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Relationship between blood lead levels and renal function in lead battery workers

  • Ven-Shing Wang
  • Ming-Tsung Lee
  • Jyh-Yann Chiou
  • Chiam-Fang Guu
  • Chin-Ching Wu
  • Trong-Neng Wu
  • Jim-Shoung Lai
Orginal Article

Abstract

Objectives. The aim of this study was to investigate the correlation between blood lead (PbB) levels and renal function indices of blood-urea nitrogen (BUN), serum creatinine (SC) and uric acid (UA) among lead battery workers with exposure to lead.

Methods. A total of 229 workers of both genders from two lead battery factories were recruited in this cross-sectional study. The personal airborne and blood samples were collected on the same day. The airborne lead (PbA) and PbB levels, and individual renal function parameters were measured and statistically analyzed.

Results. A positive correlation between PbB levels and individual renal function index of BUN, SC, and UA was found (P<0.01). The PbB levels and renal function indices showed significant difference between male and female workers. Based on a multiple regression model, an increment of 10 µg/dl PbB produced an increase of 0.62 mg/dl BUN, after being adjusted for work duration and age, and an increase of 0.085 mg/dl UA, after being adjusted for gender and body weight. Workers with PbB ≤60 µg/dl and >60 µg/dl showed a positive dose-effect relationship with significant difference in BUN (P<0.001) and UA (P<0.05), and the percentage of workers with BUN and UA over the reference value also showed an increasing trend.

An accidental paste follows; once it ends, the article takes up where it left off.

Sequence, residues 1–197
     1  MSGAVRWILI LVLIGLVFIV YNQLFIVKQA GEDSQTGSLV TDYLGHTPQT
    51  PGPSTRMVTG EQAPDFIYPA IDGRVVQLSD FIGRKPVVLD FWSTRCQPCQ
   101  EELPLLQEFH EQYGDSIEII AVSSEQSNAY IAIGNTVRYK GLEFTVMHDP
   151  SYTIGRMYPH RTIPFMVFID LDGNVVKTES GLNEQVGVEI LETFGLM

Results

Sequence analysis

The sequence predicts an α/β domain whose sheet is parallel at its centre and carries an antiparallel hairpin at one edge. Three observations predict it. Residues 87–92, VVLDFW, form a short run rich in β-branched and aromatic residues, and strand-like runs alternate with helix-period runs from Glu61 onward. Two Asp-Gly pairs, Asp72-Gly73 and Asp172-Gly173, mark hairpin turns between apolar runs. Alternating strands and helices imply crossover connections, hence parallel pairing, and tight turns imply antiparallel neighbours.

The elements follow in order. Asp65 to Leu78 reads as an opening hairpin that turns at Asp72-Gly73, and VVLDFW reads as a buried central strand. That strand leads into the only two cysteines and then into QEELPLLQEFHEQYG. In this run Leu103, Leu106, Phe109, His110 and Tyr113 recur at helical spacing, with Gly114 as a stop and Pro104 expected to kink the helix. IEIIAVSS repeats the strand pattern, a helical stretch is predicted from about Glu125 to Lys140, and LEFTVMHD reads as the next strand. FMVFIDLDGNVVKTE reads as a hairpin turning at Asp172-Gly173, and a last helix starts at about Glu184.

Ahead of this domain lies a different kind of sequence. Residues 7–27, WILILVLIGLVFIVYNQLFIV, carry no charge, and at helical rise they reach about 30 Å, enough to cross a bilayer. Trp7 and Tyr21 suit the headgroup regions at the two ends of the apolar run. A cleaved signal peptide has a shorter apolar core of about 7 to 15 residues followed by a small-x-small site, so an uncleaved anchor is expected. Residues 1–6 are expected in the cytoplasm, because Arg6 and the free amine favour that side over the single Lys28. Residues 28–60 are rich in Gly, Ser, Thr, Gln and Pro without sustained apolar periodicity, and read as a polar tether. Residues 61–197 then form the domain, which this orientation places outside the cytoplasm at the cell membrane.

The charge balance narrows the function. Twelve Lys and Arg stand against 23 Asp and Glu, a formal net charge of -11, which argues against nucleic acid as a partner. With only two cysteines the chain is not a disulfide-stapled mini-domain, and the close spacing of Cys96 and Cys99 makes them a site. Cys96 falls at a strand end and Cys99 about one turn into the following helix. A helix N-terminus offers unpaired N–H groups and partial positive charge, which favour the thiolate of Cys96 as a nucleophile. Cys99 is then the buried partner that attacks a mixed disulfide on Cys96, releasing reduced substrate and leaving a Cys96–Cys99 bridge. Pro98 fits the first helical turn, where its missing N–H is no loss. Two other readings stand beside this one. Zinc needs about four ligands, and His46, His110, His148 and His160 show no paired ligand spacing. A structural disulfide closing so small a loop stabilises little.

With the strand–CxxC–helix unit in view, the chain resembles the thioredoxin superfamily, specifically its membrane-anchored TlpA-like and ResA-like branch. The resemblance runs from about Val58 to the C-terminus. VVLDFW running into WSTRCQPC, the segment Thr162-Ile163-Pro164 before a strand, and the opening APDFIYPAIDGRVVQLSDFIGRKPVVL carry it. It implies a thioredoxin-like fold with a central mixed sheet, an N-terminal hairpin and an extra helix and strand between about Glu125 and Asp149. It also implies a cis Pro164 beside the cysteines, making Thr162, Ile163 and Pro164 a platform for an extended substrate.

Conclusion. Blood-urea nitrogen and uric acid could be considered as suitable prognostic indicators of renal dysfunction in lead-exposed workers. Our results showed that PbB levels higher than 60 µg/dl had increasing chances of inducing adverse renal effects.

Blood lead Renal function Lead battery workers 

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Copyright information

© Springer-Verlag 2002

Authors and Affiliations

  • Ven-Shing Wang
    • 1
  • Ming-Tsung Lee
    • 1
  • Jyh-Yann Chiou
    • 2
  • Chiam-Fang Guu
    • 1
  • Chin-Ching Wu
    • 1
  • Trong-Neng Wu
    • 3
  • Jim-Shoung Lai
    • 1
  1. 1.Department of Occupational Safety and Health, China Medical College, 91 Hsueh-shih Road, Taichung, Taiwan
  2. 2.Health Education Division, Taiwan Provincial Institute of Health, Taipei, Taiwan
  3. 3.Kaohsiung Medical University, Kaohsiung, Taiwan

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